The Treaty of Nonsuch was signed on 19 August 1585 by Elizabeth I of England and the Dutch Rebels fighting against Spanish rule. It was the first international treaty signed by what would become the Dutch Republic. It was signed at Nonsuch Palace, Surrey, England.
Elizabeth I agreed to supply 6,400 foot soldiers and 1,000 cavalry, which were initially intended as a way of lifting the Siege of Antwerp (1584-1585), with an annual subsidy of 600,000 florins, about a quarter of the annual cost of the revolt. As a surety for this assistance, the Dutch were to hand over Brill and Flushing to England, which it would garrison at its own expense. They were known as the Cautionary Towns.
The treaty granted Elizabeth the right to appoint two councillors to the Council of State of the United Provinces.
The surety provoked the objection of Zeeland, which was to lose the most by this measure. Elizabeth rejected the title of Governor General of the Provinces, offered to her in the treaty. When the head of the English troops in the Netherlands, Robert Dudley, 1st Earl of Leicester, accepted this title, Elizabeth was furious.
Philip II viewed the treaty as a declaration of war against him by Elizabeth I. Three years later, he launched the Spanish Armada and attempted to invade and conquer England. The resources spent by Philip on the Armada (10 million ducats) undoubtedly diverted significant resources from fighting the Dutch revolt. Around 110 million ducats were spent on the partly-successful campaign against the resurgent revolt.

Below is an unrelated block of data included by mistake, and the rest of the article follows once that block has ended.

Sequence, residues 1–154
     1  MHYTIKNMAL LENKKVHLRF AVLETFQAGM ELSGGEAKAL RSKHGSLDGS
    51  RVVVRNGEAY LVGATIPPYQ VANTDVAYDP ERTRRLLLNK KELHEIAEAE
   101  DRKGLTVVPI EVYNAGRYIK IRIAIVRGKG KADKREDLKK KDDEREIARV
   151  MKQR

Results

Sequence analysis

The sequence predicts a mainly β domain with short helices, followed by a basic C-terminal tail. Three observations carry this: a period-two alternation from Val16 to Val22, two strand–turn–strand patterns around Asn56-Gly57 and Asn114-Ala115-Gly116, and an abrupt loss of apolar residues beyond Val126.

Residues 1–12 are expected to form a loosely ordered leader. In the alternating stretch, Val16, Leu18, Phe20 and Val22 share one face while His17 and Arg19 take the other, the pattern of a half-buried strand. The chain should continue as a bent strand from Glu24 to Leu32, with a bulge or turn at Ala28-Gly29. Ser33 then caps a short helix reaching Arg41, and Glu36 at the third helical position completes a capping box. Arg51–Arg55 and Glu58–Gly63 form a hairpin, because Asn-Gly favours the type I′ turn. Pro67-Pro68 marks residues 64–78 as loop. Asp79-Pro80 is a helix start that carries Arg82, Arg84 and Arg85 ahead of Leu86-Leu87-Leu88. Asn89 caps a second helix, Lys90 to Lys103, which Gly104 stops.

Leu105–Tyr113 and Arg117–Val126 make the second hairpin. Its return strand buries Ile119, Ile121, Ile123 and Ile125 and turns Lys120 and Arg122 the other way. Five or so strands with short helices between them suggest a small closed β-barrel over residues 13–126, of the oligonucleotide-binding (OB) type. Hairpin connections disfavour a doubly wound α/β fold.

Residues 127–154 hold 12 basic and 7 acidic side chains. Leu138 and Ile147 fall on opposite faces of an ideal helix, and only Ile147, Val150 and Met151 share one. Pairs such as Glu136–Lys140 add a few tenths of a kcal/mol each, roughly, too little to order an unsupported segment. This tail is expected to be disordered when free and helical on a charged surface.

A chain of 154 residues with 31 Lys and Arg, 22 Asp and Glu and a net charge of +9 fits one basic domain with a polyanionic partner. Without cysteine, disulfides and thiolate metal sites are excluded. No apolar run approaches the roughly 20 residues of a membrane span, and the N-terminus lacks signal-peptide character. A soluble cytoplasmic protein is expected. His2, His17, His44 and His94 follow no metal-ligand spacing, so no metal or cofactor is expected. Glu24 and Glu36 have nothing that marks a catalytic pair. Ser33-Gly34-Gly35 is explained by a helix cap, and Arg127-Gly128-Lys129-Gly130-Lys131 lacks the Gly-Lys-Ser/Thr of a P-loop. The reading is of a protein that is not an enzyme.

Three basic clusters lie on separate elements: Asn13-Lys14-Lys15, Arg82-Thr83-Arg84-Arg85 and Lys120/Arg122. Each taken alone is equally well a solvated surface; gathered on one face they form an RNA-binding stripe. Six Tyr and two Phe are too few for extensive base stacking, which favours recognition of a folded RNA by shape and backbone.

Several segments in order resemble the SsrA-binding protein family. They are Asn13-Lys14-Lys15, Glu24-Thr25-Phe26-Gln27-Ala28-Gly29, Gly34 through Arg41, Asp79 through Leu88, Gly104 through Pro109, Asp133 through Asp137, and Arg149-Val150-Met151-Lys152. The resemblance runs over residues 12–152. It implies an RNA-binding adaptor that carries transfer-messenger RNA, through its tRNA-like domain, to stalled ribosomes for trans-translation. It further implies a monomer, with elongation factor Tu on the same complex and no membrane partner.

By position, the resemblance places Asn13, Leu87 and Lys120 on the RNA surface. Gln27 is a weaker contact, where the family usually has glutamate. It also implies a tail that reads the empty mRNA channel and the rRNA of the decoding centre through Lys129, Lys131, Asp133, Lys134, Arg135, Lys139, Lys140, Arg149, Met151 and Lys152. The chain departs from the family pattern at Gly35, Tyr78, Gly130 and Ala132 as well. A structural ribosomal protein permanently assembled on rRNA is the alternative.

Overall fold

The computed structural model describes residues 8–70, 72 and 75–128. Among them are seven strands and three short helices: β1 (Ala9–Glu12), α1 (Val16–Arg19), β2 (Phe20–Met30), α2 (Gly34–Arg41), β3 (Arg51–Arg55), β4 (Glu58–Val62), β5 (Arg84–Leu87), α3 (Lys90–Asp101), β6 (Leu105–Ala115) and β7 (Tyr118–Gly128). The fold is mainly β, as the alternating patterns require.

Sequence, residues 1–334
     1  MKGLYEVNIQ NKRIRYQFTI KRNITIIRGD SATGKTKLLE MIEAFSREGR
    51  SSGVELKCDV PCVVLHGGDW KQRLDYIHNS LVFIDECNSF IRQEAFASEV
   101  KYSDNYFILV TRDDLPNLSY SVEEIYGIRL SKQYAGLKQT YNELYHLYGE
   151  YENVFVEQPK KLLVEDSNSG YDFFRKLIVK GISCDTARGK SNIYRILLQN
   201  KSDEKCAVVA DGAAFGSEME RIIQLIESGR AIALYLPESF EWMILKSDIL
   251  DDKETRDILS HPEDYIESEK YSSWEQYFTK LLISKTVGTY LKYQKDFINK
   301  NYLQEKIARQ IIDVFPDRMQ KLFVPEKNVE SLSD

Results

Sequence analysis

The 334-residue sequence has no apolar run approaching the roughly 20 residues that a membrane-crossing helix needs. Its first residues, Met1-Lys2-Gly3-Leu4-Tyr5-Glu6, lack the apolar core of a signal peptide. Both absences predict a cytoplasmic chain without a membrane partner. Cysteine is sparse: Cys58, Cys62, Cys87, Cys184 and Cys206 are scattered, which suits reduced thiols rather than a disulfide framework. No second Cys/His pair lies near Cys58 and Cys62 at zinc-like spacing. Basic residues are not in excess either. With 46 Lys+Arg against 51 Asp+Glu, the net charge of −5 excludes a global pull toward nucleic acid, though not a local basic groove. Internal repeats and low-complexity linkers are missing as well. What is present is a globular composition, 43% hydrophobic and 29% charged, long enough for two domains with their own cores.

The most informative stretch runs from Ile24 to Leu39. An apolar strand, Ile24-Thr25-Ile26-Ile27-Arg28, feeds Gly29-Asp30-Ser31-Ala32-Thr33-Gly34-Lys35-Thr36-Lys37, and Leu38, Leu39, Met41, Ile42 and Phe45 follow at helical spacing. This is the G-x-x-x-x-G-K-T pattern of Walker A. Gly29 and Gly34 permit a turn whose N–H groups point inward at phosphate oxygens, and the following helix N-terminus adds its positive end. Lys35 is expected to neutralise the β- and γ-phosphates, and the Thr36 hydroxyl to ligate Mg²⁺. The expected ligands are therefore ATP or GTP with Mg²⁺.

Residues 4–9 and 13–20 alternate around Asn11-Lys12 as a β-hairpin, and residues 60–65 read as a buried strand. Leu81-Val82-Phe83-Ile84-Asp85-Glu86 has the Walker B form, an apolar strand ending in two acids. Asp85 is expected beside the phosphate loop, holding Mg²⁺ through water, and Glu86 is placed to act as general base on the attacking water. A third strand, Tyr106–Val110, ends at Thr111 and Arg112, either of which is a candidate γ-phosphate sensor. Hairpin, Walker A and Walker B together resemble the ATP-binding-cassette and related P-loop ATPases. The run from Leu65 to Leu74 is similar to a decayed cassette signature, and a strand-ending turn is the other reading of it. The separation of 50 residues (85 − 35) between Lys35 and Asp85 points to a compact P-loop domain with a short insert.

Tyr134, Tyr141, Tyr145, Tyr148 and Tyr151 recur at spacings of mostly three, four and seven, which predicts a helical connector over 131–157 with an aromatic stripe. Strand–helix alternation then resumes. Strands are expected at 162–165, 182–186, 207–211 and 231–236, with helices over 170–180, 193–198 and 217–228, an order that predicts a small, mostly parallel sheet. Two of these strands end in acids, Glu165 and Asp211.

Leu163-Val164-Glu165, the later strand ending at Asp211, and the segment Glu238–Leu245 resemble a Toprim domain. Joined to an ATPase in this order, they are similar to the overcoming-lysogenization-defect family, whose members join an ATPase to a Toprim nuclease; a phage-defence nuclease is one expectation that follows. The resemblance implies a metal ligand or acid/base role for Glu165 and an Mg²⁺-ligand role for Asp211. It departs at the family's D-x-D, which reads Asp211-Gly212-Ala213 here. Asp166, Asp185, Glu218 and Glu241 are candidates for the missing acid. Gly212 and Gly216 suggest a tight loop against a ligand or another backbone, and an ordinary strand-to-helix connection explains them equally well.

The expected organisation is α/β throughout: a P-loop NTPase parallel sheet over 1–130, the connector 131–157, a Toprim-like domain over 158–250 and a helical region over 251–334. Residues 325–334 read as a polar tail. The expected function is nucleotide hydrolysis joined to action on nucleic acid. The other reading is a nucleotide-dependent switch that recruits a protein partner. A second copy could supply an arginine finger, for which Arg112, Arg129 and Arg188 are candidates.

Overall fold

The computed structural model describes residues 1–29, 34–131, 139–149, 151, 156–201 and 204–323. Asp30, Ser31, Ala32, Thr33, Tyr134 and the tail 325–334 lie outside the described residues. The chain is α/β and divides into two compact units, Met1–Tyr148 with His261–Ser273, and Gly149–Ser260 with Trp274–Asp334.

The Treaty of Nonsuch was renewed and amended by the Treaty of Westminster of 6/16 August 1598 between the States-General and the Privy Council on behalf of Elizabeth.
- R. B. Wernham, Before the Armada: The growth of English foreign policy 1485–1588 (1966), p. 371.
- F.G. Davenport and C.O. Paulin. European Treaties Bearing on the History of the United States and Its Dependencies. (Carnegie Institution of Washington, 1917), pp. 239-242
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